Cumbria Libraries 2010
Time to Read has been promoting the reading of historical fiction and non-fiction around the north west region with Pages Ago, and history has been very much the theme for some of our recent readers' events here in Cumbria...
Rations and Remembrance: A Community at War.
Grange Library 1st - 5th November 2010
(Photo: Rations and Remembrance at Grange)
Library turned back the clocks to 1944 as they took part in an exciting community project entitled 'Rations and Remembrance'. This was an intergenerational project which recreated the realities and outcomes of war using authentic reconstruction and reminiscence.
The community came together in 2010 just as it had done in wartime, through a celebration of history, literature and culture.
Children from all seven local schools experienced the realities of wartime living when they were "evacuated" to Grange library, where they experienced air raids, rationing, food, clothes, music, and entertainment and also had the chance to interact with older volunteers from the community who talked about their own personal experiences of war.
A reconstruction company, Pegasus WW2 Displays, was based in the library for the week and ran teaching sessions and demonstrations.
Children involved in the project read stories about World War 2 and helped to write a newsletter, Grange 1944, which was printed and delivered to 5000 homes in the Cartmel Peninsula.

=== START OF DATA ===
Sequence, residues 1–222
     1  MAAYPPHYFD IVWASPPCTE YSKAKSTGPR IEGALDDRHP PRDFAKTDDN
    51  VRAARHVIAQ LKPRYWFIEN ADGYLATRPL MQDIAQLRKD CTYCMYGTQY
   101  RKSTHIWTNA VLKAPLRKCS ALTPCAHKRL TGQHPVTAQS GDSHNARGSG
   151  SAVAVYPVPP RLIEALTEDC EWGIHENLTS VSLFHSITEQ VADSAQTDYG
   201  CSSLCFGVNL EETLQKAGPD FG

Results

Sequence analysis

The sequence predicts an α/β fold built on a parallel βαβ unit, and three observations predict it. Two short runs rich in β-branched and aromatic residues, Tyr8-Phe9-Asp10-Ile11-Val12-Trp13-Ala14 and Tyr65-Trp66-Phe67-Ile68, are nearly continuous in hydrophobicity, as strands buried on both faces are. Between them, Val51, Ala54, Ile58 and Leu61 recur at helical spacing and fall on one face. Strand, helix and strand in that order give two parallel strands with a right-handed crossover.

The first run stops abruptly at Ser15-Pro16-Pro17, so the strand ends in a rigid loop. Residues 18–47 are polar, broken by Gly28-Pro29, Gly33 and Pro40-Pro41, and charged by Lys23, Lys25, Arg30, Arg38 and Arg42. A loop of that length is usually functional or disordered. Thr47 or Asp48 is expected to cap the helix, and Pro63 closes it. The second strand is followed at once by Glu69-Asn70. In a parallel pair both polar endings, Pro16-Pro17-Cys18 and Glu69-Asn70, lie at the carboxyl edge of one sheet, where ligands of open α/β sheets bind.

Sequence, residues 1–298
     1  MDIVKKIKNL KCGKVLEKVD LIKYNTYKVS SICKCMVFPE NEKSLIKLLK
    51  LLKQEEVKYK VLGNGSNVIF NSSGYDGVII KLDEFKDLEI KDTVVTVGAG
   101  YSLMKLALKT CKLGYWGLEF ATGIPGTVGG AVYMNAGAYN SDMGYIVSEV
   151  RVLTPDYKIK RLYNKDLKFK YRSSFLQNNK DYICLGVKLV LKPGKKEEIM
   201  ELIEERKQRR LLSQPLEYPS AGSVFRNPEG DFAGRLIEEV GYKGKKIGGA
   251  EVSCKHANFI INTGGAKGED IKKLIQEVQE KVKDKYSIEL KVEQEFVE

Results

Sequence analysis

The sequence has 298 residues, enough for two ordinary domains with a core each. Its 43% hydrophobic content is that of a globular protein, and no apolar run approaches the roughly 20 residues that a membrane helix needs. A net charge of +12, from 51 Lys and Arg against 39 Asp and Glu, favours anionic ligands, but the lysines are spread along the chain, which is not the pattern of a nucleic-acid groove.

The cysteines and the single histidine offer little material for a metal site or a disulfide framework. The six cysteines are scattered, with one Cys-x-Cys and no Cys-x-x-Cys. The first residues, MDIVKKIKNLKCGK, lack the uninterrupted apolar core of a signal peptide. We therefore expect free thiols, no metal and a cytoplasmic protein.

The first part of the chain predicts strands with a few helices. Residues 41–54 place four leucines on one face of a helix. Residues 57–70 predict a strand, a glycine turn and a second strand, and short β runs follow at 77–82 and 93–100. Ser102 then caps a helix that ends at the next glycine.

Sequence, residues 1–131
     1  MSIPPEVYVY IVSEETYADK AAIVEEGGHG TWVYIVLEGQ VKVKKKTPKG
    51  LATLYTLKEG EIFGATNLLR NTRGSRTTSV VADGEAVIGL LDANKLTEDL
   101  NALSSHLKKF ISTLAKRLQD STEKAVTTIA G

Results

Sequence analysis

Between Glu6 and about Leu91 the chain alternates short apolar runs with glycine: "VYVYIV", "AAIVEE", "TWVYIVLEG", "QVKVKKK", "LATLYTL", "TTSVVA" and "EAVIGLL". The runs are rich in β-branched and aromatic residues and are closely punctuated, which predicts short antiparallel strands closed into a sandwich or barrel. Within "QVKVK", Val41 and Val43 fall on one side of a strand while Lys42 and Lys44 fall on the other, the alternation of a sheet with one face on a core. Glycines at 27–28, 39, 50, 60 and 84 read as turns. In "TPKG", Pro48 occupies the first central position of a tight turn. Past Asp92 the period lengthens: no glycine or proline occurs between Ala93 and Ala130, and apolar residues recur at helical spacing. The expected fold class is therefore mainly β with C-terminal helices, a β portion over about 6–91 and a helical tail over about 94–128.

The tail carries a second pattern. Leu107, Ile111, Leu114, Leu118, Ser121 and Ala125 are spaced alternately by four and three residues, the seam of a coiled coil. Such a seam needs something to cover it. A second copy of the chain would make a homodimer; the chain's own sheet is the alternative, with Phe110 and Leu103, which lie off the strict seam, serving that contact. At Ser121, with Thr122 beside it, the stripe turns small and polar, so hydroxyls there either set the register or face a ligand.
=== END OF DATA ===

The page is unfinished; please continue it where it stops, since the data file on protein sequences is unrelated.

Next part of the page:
Older members of the community contributed to the project by writing down some of their Home Front memories which will be included in a special resource pack to be made available for local schools to use in the future.
Home Guard drill sessions were run by a local ex-soldier while Year 9 pupils at Cartmel Priory learned some wartime dances as part of the project.
The library held a celebration of the week's work for the local community on the evening of Thursday 4th November and then on Friday 5th November the library hosted a World War 2 coffee morning which included a 1940's sing-along.
Just as communities came together during wartime, once again the local community worked together to bring this project to life.
Grange Library, Grange Toy Library, Cartmel Peninsula Extended Services and local volunteers all worked as partners to create 'Rations and Remembrance'.
Nella Last in the 1950's: Further diaries of Housewife, 49
(Photo: Maggie Norton dressed as Nella Last)
Cumbria Libraries were approached by Profile Books to hold a launch event to mark the publication of Nella Last in the 1950s - the third volume of Barrow housewife Nella Last's Mass Observation diaries.
The first two volumes of her diaries - Nella Last's War (1939-45) and Nella Last's Peace (1945-48) were extremely successful. The first volume was made into a BAFTA-winning drama, Housewife, 49, written by and starring Victoria Wood (who has also optioned the rights to the second book). Victoria Wood did all the research for the drama at Barrow Library in the records office and local studies section.
The launch event was held on 14th October and celebrated Nella's legacy as a bestselling Cumbrian writer - although she was not published in her lifetime, Nella wrote in her diaries that she dreamed of being an author, and her diaries have had quite an impact on 20th century British - and women's - cultural history.
The event was extremely well attended and included readings from the diaries by Maggie Norton (a local writer) who dressed the part and made a very convincing "Nella".
A 1950s reminiscence session was also held which stirred lots of memories for those taking part, and there was also the opportunity to view displays which linked to the book, put together by Library and Record Office staff using archive materials from the records office/local studies collections.